Flu season is in full swing and some states are getting hit harder than others.
Here are the top 10 states where the virus is hitting hardest, for the week ending Nov. 2:
The findings are “not intended to illustrate levels or severity of flu activity,” according to the report, but instead to “show which populations are experiencing the highest incidence of influenza within the U.S. and Puerto Rico each week.”
Flu activity has increased since last year: “October data show southern states are experiencing more widespread flu activity this year,” the findings pint out. “Index levels are higher in Texas, Louisiana, Mississippi, Alabama, Florida, Oklahoma and Nevada.”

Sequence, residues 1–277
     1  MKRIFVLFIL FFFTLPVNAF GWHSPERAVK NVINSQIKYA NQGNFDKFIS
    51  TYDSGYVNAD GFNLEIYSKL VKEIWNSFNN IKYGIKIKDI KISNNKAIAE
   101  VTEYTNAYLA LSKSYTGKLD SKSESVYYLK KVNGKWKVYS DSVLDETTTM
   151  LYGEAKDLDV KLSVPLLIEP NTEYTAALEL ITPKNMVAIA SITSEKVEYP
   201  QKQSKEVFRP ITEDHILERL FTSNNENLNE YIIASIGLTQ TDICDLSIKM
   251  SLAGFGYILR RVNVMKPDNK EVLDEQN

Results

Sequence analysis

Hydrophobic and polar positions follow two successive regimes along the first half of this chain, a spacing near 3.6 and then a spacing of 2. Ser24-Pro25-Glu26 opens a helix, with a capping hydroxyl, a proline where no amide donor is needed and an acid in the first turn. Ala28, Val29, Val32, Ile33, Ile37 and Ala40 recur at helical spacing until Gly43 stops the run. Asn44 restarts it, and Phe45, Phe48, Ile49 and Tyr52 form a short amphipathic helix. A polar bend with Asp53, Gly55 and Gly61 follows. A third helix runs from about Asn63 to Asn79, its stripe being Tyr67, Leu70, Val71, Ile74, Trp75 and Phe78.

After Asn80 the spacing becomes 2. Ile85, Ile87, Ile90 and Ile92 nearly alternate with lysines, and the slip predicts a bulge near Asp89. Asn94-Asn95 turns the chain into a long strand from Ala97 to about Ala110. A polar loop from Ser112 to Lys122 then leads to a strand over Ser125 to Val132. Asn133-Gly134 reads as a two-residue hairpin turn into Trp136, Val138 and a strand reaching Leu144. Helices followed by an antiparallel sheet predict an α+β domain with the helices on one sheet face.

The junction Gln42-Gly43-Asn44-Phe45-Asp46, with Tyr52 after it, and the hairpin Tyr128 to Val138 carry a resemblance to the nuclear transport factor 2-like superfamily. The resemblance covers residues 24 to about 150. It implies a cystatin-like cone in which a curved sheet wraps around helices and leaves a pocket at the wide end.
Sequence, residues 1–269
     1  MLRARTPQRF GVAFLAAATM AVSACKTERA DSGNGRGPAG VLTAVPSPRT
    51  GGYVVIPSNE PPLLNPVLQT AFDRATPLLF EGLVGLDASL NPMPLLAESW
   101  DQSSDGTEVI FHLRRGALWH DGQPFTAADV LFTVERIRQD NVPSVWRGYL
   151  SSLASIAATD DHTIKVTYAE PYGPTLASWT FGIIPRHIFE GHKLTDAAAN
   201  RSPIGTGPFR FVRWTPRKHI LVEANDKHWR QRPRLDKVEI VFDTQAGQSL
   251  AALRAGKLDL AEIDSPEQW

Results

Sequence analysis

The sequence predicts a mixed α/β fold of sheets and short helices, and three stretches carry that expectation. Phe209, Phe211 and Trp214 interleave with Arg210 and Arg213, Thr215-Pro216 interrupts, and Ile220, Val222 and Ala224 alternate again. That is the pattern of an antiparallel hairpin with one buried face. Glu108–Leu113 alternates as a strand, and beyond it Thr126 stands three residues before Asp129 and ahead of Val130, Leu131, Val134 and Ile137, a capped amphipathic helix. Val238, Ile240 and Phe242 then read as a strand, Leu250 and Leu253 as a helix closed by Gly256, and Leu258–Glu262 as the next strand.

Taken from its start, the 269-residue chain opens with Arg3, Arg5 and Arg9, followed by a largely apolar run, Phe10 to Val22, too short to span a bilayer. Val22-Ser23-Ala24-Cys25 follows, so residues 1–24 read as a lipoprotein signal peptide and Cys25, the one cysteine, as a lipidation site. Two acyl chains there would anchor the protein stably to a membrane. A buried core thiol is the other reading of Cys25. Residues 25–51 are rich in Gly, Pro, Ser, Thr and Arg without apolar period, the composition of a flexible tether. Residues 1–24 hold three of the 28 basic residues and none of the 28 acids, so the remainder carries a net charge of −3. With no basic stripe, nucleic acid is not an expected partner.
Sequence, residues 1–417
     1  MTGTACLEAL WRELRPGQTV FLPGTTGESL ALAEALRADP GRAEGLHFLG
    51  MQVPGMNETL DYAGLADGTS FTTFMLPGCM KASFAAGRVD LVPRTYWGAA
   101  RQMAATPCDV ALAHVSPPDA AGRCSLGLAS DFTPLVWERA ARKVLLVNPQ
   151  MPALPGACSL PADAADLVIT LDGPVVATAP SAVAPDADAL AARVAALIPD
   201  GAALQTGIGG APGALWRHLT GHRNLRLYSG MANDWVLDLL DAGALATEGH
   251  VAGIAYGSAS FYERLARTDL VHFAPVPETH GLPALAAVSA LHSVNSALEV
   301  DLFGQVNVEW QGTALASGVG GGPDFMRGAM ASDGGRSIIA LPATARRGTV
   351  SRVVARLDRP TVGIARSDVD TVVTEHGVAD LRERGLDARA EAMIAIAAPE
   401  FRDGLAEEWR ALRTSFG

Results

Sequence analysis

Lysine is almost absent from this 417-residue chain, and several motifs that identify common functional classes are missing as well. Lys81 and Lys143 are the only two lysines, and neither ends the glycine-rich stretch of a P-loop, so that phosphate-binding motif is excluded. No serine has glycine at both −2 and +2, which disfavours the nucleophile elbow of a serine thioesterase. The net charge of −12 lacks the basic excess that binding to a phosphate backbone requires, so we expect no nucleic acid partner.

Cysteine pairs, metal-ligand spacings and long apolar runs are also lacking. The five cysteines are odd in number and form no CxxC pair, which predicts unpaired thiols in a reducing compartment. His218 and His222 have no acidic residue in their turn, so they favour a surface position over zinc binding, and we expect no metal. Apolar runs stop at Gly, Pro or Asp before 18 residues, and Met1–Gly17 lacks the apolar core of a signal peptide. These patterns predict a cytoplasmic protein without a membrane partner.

In 2017, the National Center for Biotechnology Information estimated that the flu caused more than 330,000 hospitalizations and a whopping $10.4 billion in direct medical costs to consumers. Some experts predict this year could see similar numbers.
The flu resulted in at least 37 million illnesses and 36,000 deaths this past year, according to the Centers for Disease Control and Prevention. Yet, 43 percent of U.S. adults opted not to get the vaccination, including a cohort of anti-vaxers who reject the the medication.
The CDC suggests everyone six months or older get vaccinated unless told otherwise by a doctor. The shot is “particularly important for people at high risk of serious complications.”